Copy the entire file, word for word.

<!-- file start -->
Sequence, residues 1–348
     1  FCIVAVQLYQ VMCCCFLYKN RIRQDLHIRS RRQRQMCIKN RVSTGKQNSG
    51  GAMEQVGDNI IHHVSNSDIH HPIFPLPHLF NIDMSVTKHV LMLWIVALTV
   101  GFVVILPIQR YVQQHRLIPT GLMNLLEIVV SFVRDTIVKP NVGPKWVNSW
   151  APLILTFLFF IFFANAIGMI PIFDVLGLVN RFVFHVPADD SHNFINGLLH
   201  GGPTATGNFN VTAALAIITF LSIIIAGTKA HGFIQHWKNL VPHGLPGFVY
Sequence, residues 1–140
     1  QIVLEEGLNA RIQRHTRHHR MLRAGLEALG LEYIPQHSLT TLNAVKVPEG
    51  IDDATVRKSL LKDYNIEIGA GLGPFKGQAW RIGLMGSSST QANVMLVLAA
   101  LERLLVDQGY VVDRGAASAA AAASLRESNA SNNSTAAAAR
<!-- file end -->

Sequence, residues 1–348
     1  FCIVAVQLYQ VMCCCFLYKN RIRQDLHIRS RRQRQMCIKN RVSTGKQNSG
    51  GAMEQVGDNI IHHVSNSDIH HPIFPLPHLF NIDMSVTKHV LMLWIVALTV
   101  GFVVILPIQR YVQQHRLIPT GLMNLLEIVV SFVRDTIVKP NVGPKWVNSW
   151  APLILTFLFF IFFANAIGMI PIFDVLGLVN RFVFHVPADD SHNFINGLLH
   201  GGPTATGNFN VTAALAIITF LSIIIAGTKA HGFIQHWKNL VPHGLPGFVY
Sequence, residues 1–140
     1  QIVLEEGLNA RIQRHTRHHR MLRAGLEALG LEYIPQHSLT TLNAVKVPEG
    51  IDDATVRKSL LKDYNIEIGA GLGPFKGQAW RIGLMGSSST QANVMLVLAA
   101  LERLLVDQGY VVDRGAASAA AAASLRESNA SNNSTAAAAR